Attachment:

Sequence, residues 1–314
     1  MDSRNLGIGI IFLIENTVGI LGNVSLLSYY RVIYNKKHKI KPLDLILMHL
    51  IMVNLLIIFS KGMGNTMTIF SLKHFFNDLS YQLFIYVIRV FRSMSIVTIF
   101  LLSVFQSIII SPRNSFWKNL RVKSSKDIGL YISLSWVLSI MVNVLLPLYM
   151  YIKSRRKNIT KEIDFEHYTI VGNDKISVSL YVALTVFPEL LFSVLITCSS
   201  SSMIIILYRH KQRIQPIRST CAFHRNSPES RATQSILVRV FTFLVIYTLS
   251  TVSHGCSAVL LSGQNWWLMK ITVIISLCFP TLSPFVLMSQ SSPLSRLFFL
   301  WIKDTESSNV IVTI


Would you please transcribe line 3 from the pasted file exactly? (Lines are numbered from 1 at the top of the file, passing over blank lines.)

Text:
    51  IMVNLLIIFS KGMGNTMTIF SLKHFFNDLS YQLFIYVIRV FRSMSIVTIF